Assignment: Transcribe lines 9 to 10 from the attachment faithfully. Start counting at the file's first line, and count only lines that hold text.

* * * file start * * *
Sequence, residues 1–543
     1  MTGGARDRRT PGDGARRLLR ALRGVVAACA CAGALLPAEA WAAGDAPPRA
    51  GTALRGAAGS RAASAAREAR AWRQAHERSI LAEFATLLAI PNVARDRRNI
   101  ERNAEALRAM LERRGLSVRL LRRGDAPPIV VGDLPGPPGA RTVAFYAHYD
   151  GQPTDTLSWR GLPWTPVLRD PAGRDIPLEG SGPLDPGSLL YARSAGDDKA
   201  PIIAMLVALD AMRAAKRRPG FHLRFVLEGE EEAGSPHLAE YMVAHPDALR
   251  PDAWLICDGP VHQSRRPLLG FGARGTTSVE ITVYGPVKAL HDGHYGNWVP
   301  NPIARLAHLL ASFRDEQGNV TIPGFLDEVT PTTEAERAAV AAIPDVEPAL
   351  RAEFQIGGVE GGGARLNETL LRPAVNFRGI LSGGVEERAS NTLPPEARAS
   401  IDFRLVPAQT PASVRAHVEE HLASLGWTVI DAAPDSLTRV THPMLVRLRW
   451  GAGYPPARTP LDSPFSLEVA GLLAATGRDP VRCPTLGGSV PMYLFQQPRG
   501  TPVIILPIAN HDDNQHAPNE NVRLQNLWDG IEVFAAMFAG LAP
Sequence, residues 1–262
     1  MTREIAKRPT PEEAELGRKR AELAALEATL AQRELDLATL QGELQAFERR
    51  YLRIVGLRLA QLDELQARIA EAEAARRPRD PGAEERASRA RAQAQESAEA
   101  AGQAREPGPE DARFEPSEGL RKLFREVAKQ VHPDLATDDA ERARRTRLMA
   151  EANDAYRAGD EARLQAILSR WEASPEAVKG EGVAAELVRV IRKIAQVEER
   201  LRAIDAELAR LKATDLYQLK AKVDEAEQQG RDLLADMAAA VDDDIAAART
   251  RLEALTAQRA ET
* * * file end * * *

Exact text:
   351  RAEFQIGGVE GGGARLNETL LRPAVNFRGI LSGGVEERAS NTLPPEARAS
   401  IDFRLVPAQT PASVRAHVEE HLASLGWTVI DAAPDSLTRV THPMLVRLRW